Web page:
The Kingston DataTraveler Max is blazing fast. It supports USB 3.2 Gen 2 so the new flash drive can transfer data at up to 1,000MBps. And it uses USB-C so can be plugged into any Mac and most iPads.
I tested Kingston’s speed claims under real-world conditions. And data transfers are so quick it made me want to pitch out all my old flash drives.
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Kingston DataTraveler Max review
Flash drives are a convenient way to store files, and transfer them between computers. But they’re slow.
Not the Kingston DataTraveler Max. You can move files around at blazing speed. It’s almost fast enough to rival drives that use Thunderbolt.
And it uses USB-C, just like every Mac and nearly all current iPad models. Get this and your hope that Apple will put a USB-A port on its next MacBook models should recede just a bit.
Hardware and design
Kingston’s latest comes in capacities of 256GB, 512GB and 1TB. That’s loads of room for work documents, thousands of images, music files, a video collection… whatever.
While it’s smaller than many portable SSDs, the DataTraveler Max is just a bit large for a flash drive. It measures in at 3.25 inches long by 0.9 in. wide by 0.35 in. thick (82 mm x 22 mm x 9 mm). That said, it’s still easily pocketable, and weighs a mere half an ounce (12g).
The casing is black plastic. It uses a sliding design so the USB-C connector can retract inside for protection. There’s no cap to lose. There is a keyring loop, though.
A blue LED lights up when the flash drive is connected and getting power. And it blinks when data is being transferred so you know when to not withdraw the drive.
Kingston DataTraveler Max performance
The DataTraveler Max supports USB 3.2 Gen 2 so it offers transfer speeds up to 1,000MBps read and 900MBps write. That’s about twice the previous version. And it’s an even greater jump over earlier versions of USB.
Of course, these are top theoretical speeds. To see how Kingston’s flash drive performs in the real world, I transferred a 1GB test file from the drive to my computer. It took about 2 seconds. Moving the same file onto the DataTraveler Max took about 2.5 secs.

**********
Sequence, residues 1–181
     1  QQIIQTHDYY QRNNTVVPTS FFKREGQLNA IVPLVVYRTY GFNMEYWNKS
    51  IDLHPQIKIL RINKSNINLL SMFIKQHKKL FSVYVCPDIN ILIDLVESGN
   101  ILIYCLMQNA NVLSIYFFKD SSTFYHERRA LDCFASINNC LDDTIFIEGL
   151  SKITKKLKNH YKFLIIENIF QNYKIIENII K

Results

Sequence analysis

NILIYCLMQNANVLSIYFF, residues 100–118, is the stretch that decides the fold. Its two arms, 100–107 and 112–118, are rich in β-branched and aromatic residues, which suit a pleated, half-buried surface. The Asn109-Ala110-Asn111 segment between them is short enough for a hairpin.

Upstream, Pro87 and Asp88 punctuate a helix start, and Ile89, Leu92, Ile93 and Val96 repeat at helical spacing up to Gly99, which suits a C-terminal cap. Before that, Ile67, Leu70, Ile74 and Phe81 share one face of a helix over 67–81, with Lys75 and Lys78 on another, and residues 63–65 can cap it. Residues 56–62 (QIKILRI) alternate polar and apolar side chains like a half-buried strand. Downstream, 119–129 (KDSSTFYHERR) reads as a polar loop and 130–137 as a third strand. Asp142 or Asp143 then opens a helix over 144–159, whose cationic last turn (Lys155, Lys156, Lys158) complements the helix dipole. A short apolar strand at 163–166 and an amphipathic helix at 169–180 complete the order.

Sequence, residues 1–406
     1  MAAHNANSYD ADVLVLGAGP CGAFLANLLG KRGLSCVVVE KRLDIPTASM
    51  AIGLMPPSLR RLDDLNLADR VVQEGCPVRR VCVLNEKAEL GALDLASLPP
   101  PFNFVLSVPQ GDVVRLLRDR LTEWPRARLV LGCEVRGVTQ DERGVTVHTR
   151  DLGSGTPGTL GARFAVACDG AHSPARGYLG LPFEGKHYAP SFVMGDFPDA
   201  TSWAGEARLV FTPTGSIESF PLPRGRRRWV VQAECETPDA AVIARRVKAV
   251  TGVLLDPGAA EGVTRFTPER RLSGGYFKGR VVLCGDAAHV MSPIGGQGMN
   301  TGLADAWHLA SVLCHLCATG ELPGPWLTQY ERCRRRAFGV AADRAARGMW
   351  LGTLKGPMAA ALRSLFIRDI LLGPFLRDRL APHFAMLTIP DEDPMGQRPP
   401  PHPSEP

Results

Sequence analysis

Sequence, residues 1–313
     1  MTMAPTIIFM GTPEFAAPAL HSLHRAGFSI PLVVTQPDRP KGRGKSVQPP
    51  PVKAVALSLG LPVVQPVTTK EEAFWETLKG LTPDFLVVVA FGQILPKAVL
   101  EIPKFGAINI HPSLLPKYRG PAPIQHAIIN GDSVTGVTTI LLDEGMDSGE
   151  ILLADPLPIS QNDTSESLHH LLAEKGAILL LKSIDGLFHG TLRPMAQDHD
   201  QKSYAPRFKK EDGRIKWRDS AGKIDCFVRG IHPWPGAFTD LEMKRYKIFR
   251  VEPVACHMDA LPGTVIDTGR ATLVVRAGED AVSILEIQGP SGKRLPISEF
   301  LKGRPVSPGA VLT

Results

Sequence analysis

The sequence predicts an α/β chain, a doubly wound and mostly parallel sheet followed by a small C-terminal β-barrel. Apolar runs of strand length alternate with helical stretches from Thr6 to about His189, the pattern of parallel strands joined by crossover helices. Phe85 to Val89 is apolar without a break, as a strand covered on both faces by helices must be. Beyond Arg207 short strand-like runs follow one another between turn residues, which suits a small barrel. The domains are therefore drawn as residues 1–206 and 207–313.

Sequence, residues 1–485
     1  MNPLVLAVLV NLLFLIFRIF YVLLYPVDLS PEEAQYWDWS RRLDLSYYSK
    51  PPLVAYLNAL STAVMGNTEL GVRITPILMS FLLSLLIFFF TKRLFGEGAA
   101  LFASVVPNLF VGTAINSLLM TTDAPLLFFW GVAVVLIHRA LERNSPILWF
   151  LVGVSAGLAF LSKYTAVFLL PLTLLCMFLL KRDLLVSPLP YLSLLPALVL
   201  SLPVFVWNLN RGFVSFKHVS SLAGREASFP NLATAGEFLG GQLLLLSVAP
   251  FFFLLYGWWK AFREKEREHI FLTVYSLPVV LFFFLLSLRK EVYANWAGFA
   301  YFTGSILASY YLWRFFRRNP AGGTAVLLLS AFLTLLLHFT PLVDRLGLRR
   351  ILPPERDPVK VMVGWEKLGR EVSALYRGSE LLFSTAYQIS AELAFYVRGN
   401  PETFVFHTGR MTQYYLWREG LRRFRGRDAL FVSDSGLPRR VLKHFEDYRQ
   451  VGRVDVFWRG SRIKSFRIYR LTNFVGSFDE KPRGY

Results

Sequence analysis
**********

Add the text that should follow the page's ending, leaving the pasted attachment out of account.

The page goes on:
For some perspective, I transferred the same 1GB file onto an old USB-A flash drive I’ve been using. Moving the file onto the drive took almost 19 minutes. Not seconds… minutes.
If you have a recently made USB-A flash drive that supports USB 3.0 then you’ll see much better performance. In my tests with one of these, the 1GB file transferred to my computer in 6 seconds and it moved the other way in 21 seconds. Reasonably quick but not as fast as Kingston’s offering.
Bigger test file and Thunderbolt
Because the DataTraveler Max handled a 1GB file so quickly I did a test with a 10.5GB file to give it more of a challenge. The file went from my computer to Kingston’s drive in 22 seconds. It transferred from drive to my computer in 32 secs.
As a comparison, moving the same 10.5GB file from a USB-A flash drive with USB 3.0 to my computer took 50 seconds. Transferring it from my computer to the drive required 7 minutes and 20 secs. (I did multiple test runs and they all took approx. that long.)
The fastest option for transferring files is Thunderbolt. To demonstrate, the 10.5GB test file transfered to my computer from the OWC Envoy Pro FX in 12 seconds, and from the Thunderbolt-compatible SSD to my computer in 18 secs.
Kingston DataTraveler Max final thoughts
In my real-world testing, the DataTraveler Max completely blew an old USB-A flash drive out of the water. If you’re still using one of these from several years ago, Kingston’s drive is a vastly better option. And it’s noticeably faster than more recent USB-A drives too.
Kingston’s latest can even transfer data fast enough to provide competition for Thunderbolt-enabled SSDs. It’s certainly not as quick, but the difference probably isn’t great enough for it to matter to many users.
Plus, the DataTraveler Max is easily pocketable. It’s much smaller than portable SSDs.
Kingston’s official prices for its speedy USB 3.2 Gen 2 flash drive are:
In addition to the OWC Envoy Pro FX discussed earlier, another alternative is the Samsung T7. This SSD is just as fast but it’s bulkier and it requires a data cable. The 1TB version is $149.99 on Amazon, but it goes up to 2TB.
Much the same can be said about the WD My Passport SSD: it’s just as fast but not as portable as Kingston’s drive. That said, WD’s offering goes up to 4TB. The 1TB version can be found on Amazon for $149.99.